It’s easy to see why Dylan himself — who has spent decades now probing different angles of his own songs in live performances — would say: “It’s the best presentation of my songs I have ever seen or heard on any stage.” It does so right by the songs that it is hard to believe that Dylan himself had no part in the basic concept — but that’s what we’re told. In that case, Twyla Tharp truly got startlingly close to the heart of Dylan’s body of work, to the thread that runs through it, and put it on the stage without the distractions that surround his recorded albums (which are too often seen as “of their time” to one degree or another by the usual suspects).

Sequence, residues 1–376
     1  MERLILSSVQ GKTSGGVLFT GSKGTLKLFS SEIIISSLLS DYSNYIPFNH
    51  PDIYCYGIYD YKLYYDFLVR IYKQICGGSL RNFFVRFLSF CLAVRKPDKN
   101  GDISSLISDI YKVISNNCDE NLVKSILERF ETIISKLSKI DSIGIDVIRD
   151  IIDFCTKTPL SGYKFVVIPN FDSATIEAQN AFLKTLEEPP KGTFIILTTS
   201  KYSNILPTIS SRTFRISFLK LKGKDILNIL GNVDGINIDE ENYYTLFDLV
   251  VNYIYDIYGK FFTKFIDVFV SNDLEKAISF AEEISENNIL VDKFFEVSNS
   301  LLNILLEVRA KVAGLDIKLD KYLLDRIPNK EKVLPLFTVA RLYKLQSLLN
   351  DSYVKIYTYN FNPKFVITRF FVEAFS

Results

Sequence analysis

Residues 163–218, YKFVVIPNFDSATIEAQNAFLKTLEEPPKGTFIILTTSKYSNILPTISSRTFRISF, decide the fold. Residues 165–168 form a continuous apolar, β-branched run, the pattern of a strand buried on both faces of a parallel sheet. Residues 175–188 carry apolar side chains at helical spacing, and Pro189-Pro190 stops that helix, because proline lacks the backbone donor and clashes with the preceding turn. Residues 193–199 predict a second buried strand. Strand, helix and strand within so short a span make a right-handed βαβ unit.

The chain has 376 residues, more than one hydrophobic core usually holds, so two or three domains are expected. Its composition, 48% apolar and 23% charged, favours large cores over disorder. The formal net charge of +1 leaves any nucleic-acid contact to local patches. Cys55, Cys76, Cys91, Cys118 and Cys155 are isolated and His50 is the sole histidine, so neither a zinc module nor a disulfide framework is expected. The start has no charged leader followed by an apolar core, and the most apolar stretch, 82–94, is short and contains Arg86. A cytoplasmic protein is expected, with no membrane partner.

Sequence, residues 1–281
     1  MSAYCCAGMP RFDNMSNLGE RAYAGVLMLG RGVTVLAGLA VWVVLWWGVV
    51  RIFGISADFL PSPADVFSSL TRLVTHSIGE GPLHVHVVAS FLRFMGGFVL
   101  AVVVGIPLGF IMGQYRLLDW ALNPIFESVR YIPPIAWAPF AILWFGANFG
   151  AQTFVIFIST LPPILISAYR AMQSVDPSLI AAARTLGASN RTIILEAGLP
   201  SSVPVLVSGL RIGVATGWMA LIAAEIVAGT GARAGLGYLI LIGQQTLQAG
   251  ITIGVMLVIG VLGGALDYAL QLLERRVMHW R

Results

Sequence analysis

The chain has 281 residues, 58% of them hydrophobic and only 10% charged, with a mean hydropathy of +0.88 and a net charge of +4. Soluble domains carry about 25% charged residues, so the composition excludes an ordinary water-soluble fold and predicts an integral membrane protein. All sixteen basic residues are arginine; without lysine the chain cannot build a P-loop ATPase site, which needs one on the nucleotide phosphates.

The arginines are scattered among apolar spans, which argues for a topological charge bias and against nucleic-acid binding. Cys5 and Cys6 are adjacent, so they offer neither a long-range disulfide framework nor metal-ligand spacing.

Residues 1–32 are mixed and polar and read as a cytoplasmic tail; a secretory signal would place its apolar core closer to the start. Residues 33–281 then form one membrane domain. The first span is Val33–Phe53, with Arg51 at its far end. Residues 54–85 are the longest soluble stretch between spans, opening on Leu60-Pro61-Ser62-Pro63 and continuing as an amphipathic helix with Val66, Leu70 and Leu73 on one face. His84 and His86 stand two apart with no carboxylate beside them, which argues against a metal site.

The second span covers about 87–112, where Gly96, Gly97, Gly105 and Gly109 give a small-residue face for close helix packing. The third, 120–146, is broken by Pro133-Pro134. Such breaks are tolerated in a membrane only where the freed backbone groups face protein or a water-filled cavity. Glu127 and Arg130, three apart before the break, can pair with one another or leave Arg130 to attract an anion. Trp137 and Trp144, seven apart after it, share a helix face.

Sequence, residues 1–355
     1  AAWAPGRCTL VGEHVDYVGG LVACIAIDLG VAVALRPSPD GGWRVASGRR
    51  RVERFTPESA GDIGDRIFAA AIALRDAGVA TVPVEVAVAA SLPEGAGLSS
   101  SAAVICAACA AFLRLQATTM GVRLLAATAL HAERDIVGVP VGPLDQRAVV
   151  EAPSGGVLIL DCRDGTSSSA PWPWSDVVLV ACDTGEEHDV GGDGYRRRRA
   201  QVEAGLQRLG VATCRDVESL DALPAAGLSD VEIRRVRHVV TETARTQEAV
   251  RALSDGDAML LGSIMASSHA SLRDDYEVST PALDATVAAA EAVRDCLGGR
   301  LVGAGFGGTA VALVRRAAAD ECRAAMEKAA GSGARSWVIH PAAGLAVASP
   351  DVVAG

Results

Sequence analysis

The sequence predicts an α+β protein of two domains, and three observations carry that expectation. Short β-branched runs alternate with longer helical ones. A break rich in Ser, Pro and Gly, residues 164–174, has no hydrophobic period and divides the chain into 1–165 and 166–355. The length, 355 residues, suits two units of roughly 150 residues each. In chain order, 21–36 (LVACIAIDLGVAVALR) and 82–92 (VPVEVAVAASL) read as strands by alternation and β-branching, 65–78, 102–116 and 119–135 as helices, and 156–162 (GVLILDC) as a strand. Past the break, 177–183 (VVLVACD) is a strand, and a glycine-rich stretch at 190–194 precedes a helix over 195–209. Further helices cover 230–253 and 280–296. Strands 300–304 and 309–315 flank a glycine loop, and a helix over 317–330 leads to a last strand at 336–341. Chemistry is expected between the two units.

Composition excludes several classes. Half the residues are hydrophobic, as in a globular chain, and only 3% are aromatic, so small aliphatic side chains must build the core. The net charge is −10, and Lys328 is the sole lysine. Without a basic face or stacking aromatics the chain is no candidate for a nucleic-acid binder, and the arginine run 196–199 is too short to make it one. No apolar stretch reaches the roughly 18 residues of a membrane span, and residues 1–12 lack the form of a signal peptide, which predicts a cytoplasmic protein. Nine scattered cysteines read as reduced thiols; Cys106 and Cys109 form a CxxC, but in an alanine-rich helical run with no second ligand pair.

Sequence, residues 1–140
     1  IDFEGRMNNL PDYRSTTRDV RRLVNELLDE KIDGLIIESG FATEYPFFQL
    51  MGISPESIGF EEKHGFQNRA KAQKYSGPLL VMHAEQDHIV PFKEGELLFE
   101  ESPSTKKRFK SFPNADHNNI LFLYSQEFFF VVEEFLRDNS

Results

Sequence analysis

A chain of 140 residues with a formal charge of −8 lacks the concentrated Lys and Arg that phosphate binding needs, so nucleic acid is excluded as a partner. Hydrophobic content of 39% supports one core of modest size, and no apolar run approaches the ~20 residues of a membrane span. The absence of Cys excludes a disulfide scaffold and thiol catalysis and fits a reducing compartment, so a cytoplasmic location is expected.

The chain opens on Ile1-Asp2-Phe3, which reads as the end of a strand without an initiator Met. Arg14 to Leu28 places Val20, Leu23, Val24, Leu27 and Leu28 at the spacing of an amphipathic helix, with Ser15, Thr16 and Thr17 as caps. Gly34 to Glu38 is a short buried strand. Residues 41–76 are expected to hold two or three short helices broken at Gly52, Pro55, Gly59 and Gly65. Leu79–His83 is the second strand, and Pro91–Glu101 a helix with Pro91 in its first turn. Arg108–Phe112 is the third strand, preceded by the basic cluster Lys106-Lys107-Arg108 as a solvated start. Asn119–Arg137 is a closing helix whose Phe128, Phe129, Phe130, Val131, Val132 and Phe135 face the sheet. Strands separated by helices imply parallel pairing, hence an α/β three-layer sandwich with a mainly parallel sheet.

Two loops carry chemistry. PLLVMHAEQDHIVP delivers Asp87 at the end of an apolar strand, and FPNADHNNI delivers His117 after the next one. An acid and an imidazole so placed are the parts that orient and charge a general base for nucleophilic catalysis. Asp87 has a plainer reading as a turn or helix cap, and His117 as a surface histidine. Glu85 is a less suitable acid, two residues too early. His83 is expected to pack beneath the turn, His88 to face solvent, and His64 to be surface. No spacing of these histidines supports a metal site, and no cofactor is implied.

Aside from pining for those very distractions that Tharp dispensed with, the other of the critics’ main sticking points concerned the plot of the musical. It was too vague or too inconclusive for most of them. Again, I don’t get what they didn’t get. Firstly, we are told (and it is obvious) that the setting is a “dreamscape.” The plot is not literal in the sense of very specific things happening which lead to other specific things which eventually lead to a neatly tied up conclusion. What we’re seeing on stage are the usually hidden recesses of human nature, expressed by the tumbling and intense imagery of Dylan’s songs, playing themselves out and generating conflict. It is not a story where you meet the good guy, you meet the villain, and the villain does something bad and the good guy takes a fall but then ultimately pulls himself together and conquers the villain. There is no villain in The Times They Are A-Changin’. Captain Arab seems to be the villain at a glance, but has so many sympathetic moments and songs that it is impossible to regard him as one-dimensionally evil. He and the “hero” (his son Coyote) are clearly different sides to the same coin. Thom Sesma’s performance in the role of the Captain was the best of the show. Arab (the name from Dylan’s old song was made politically correct by changing it to Ahrab in the promotional material) looks like a glam rocker who’s gone to seed. In his aging attire and worn appearance, we’re led to guess that he once was a fun-loving and joyful guy. Now, the burdens of age, responsibility, stress and greed, seem to have caught up with him and coated him with bitterness. However, his son, Coyote, while appearing young and idealistic, is not without his own flaws: impetuosity and naïveté among them. The leading lady, Cleo, is a woman exploited by Arab, and a source of yearning and angst for his son. On the other hand, when Arab sings Simple Twist Of Fate at stage right while Cleo and Coyote court, we’re given to understand that he knows very well the sting of lost love.